- Copies of payroll of employees directly related to R&D activities.
- Records of timekeeping for meetings, payroll, planning, etc.
- Time tracking is crucial to claiming this credit. To ensure you are following the best practices, consult a professional or utilize available resources.
- Copies of contracts with and invoices paid to contractors doing research for the firm.
- Internal status reports, lab notebooks, patent applications, test result reports, and technical emails.
- Copies of project timelines and minutes, notes or other records of board meetings.
What is the IRS auditing process like for R&D tax credits?
No one really wants to hear that they have to undergo an audit. That is why so many people utilize the help of a tax professional to ensure that they are tax compliant year after year. This will help limit the risk of triggering an audit by the IRS.
In 2005, the IRS published an Audit Technique Guide (ATG) that helped to shed light on what is reviewed in the event of an audit due to research credit issues. This guide covers:
- Determining the Scope
- Research Credit Computation
- Qualified Research Expenses (QREs)
- Qualified Research Activities
- The Consistency Requirement
- Substantiation and Recordkeeping
- Sampling Methodologies
- Research Credit Issues
- Contact Information
One area to be especially diligent with is prepackaged submissions. Through the scope of the audit, the IRS has taken note that there is common trend of taxpayers giving prepacked materials to the IRS to support their credit claim. Unfortunately, it has been proven that these submissions do not make the cut. In fact, the material found are often non relevant to the research activities claimed, therefore, the documents do not substantiate their claims. As a result, it is not uncommon for new documents to be created during the course of an audit. It is a necessary evil to substantiate a taxpayer’s research credit claim.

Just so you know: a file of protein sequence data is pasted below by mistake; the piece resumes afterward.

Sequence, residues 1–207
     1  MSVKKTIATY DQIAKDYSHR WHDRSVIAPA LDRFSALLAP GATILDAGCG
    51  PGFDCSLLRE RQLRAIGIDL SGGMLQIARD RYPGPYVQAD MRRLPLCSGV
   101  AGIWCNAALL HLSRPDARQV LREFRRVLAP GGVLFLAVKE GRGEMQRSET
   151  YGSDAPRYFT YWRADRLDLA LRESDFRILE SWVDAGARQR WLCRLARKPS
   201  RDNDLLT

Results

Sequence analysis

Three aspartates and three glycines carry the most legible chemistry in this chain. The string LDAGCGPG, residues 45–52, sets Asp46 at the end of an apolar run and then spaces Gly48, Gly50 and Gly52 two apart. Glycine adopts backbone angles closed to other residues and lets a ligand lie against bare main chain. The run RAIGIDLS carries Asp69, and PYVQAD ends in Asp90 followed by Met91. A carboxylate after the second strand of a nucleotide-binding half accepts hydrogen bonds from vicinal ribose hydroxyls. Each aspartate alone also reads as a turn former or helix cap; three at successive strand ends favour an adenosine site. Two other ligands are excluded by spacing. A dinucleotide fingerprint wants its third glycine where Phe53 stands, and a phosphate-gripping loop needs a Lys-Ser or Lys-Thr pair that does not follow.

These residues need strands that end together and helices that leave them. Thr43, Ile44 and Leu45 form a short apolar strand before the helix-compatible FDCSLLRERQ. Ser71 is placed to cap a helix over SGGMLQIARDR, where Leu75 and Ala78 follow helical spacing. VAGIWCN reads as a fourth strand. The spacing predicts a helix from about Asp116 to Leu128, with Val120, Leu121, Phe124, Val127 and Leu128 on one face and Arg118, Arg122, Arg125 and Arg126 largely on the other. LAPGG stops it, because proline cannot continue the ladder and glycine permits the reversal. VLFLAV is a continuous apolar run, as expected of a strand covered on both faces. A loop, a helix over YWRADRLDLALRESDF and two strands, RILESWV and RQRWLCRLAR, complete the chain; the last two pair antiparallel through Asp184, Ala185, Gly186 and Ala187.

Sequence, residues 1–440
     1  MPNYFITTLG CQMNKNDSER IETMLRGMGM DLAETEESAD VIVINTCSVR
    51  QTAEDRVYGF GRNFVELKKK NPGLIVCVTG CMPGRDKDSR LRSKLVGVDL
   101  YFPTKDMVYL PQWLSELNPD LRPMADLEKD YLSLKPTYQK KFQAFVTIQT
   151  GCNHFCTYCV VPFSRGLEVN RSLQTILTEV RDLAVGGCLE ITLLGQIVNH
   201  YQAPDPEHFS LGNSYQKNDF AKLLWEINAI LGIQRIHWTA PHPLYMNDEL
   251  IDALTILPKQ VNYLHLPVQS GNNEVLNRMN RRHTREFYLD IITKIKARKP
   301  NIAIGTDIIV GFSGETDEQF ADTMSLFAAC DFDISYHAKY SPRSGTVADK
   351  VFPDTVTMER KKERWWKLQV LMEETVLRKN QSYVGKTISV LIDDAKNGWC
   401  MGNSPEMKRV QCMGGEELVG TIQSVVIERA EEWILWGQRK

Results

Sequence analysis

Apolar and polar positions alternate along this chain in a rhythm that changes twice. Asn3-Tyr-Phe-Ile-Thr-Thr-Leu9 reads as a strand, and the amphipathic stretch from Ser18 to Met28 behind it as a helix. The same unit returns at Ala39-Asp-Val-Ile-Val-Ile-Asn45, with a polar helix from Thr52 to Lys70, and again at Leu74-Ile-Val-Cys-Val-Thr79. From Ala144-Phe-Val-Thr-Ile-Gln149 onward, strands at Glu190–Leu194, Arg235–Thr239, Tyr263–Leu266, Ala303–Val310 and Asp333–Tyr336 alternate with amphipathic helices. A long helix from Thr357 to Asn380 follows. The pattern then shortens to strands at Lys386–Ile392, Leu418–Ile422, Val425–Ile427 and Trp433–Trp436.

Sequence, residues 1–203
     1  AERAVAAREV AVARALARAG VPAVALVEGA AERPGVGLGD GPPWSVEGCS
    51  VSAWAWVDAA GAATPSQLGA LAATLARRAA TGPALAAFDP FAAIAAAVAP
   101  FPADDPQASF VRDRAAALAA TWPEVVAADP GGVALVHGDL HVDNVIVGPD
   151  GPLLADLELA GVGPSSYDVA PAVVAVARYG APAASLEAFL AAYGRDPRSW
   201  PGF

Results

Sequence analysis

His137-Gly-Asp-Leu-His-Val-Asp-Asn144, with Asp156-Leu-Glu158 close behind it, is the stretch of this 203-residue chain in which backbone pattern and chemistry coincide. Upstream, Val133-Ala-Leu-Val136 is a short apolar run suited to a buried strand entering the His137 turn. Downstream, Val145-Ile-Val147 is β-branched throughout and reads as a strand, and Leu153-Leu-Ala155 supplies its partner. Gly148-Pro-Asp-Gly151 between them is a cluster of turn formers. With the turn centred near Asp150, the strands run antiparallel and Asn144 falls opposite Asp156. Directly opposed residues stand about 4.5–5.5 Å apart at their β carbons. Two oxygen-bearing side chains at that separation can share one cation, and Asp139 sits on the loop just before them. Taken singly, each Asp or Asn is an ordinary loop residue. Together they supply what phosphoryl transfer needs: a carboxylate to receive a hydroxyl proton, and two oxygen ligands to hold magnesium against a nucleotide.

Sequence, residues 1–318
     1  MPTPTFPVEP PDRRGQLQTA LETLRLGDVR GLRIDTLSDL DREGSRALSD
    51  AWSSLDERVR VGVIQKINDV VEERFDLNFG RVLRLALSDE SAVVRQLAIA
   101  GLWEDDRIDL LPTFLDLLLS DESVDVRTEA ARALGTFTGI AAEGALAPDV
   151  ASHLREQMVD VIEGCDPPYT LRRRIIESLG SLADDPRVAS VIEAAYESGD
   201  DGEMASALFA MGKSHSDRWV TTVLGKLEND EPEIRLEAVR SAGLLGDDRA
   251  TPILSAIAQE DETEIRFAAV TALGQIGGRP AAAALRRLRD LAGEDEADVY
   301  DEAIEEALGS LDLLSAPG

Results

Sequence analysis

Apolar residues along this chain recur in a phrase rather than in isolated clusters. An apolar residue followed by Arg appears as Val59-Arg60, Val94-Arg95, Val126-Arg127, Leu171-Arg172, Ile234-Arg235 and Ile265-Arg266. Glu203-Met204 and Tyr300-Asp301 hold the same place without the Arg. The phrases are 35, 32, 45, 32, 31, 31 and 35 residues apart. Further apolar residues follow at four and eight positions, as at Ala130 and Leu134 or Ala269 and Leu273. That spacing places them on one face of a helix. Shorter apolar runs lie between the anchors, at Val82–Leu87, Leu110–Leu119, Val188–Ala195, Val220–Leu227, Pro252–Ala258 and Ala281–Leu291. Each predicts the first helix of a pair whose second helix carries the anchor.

The bottom line
The R&D Tax Credit is widely underutilized. Much of this can be credited to the limited knowledge of the credit which causes many firms to believe they do not qualify. The credit is not just for larger firms, but also smaller ones. When used correctly, the R&D credit drastically changes the tax liability for the current year. It is worth the time to consult a tax professional to determine whether this credit applies to your firm.
Why should I work with a CPA with R&D tax credits?
When working with a tax professional, the process of claiming the credit is not that much harder. In fact, it should make it a little easier. Like you would with any credit or deduction, your CPA or tax professional will ask for documents supporting your claim, calculate the credit, and complete the forms. Furthermore, CPAs can better measure the benefit of the credit and incorporate it into long-term planning and budgeting.